Tuesday, August 24, 2010
Cassandra's doom was to predict what others refused to believe.
While Cassandra foresaw the destruction of Troy, she was unable to do anything to forestall these tragedies since no one believed her.
In death-march projects the developers are often suffering from the cassandra syndrome: They know that the project is doomed to fail, but they gave up on trying to change anything long ago.
In several big enterprise projects I have been in, developers just stopped caring, they gave up on craftmaship.
This is the typical No pigs, just chicken antipattern. The courageous pigs left, the coward pigs broke, the chicken remained ...
A typical pattern for dysfunctional projects I have come across is that there are several layers of hierarchies between the stakeholders of the project and the developers.
These intermediate layers have absolutely no interest in communicating any problems to the stakeholders above. And the stakeholders are completely content with being lulled in the comfort of getting smilies or green traffic lights in their high-level status meetings.
Usually at the point when the smilies stop smiling or the traffic lights get yellow it is too late. The project has gone completely off track and is doomed to fail badly...
Recently I came across another name for this symptom:
The Green Effect:
The higher a status-report goes in the organzational hierarchy the greener it becomes.
The following Dilbert strip illustrates this brilliantly:
When I voiced my Cassandra analogy on twitter, Scott Ambler replied to me:
@jbandi if developers learn to communicate effectively with the business they don't need to be Cassandras
Well, in my experience it's not that simple. I consider me as a developer that can communicate (more or less) effectively with the business. But I find me repeatedly on projects where there is absolutely no process established for effective communication between the developers in the trenches and the stakeholders. And establishing such a process is not feasible because of several organizational layers between the trenches and the stakeholders.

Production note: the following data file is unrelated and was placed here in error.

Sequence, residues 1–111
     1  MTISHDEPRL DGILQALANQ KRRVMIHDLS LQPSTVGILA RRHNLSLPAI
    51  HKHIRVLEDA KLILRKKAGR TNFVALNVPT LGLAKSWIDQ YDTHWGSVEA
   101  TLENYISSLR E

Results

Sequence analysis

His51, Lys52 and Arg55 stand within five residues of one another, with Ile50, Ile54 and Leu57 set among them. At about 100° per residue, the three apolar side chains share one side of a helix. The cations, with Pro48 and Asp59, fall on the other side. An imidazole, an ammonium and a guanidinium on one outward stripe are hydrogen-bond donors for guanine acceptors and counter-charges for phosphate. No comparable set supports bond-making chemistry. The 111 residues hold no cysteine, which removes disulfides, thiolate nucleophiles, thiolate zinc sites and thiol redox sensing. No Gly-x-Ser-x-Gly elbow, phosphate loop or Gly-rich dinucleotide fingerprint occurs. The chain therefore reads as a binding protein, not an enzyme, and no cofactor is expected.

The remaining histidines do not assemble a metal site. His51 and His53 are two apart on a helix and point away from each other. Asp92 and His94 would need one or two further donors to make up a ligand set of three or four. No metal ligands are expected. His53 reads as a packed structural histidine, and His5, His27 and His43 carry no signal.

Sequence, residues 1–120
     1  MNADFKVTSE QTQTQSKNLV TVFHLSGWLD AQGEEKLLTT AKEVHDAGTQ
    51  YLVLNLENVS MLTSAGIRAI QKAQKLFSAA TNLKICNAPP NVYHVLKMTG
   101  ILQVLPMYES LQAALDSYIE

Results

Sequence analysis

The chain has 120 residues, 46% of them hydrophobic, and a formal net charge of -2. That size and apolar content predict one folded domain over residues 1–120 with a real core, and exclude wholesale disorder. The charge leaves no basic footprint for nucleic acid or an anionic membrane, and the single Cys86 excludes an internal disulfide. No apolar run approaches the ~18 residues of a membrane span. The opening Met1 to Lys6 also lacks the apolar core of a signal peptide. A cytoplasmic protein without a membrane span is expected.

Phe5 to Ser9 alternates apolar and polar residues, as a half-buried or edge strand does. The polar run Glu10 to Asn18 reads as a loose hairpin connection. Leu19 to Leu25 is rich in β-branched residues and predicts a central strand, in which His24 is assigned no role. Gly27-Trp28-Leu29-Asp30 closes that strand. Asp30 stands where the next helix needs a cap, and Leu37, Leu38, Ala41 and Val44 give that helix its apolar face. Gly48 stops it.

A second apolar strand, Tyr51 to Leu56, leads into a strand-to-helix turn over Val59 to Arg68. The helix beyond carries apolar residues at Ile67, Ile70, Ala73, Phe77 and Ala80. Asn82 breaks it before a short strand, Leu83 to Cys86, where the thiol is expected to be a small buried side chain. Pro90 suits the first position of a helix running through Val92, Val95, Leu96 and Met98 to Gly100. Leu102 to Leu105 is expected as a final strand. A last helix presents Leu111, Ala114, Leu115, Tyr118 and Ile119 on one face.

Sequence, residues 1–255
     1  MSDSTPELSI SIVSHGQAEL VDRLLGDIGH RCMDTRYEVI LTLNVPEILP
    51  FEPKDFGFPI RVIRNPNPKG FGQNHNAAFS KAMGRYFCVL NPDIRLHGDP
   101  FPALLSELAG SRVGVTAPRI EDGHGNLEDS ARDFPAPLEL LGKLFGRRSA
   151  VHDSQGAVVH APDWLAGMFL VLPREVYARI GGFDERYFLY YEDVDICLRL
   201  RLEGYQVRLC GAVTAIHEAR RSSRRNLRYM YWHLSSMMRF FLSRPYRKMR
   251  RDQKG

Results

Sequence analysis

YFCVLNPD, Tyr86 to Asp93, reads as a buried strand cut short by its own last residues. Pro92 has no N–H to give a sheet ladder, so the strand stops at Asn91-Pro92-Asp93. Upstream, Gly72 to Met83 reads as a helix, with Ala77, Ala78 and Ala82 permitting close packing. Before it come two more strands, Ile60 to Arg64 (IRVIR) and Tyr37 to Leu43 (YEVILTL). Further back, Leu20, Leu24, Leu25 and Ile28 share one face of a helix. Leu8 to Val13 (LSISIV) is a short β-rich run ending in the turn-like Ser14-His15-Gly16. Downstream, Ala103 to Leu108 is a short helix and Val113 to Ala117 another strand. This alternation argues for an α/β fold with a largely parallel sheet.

Sunday, August 22, 2010
If you build software from diagrams, it will likely follow good diagramming principles, but rarely follows good software principles.
Nothing makes a software system more flexible than a suite of tests. By an order of magnitude more than good architecture and design.
Wednesday, August 18, 2010
Tuesday, August 17, 2010
One of the most impressive memories from my Certified Scrum Master course last year, is the experience of growing a self enabling team.
The exercise was simple:
- Given was a bucket full of tennis balls.
- The team was about 20 people.
- Only one team member could take balls out of the bucket. He could take out as many as he liked at any time throughout the sprint.
- The team would score a point for each tennis ball that was touched by every team member and then touched again by the first team member, he who took the ball out of the bucket.
- The team would do 10 sprints. Each sprint is 2 min. Between two sprints is a break of 2 min for retrospective and optimization.
- Before each sprint the team announces the score it expects to achieve.
Before the exercise I thought that the main challenge would be figuring out the optimal formation of the team members. I expected that after that there will not be much improvement possible.
I was wrong! This was the result (second column: expected, third column: achieved):
I am still amazed how the team was able to optimize and improve in each of the ten sprints. This improvement was rooted entirely in the team itself and is a perfect demonstration for a self enabling team, that was given the chance to inspect and adapt.
Some of the optimization steps included:
- Finding out the optimal formation for the task: a circle.
- Optimizing the formation into two circles of people. The outer facing inward and the inner facing outward, this way we could pass the balls to a person in front of us and not besides us.
- Ignore dropped balls, continue with the flow.
- Not throwing balls to your peer, but dropping them into his cupped hands.
- Passing two balls at a time to your peer.
- Sitting down on the floor reduces the danger/consequences of dropped balls.
Monday, August 16, 2010
Learning from mistakes is overrated!
If we could only learn the right lessons from the successes of the past, we would not need to learn from the failures.
Code that runs on first write is an idea from the past that we should forget!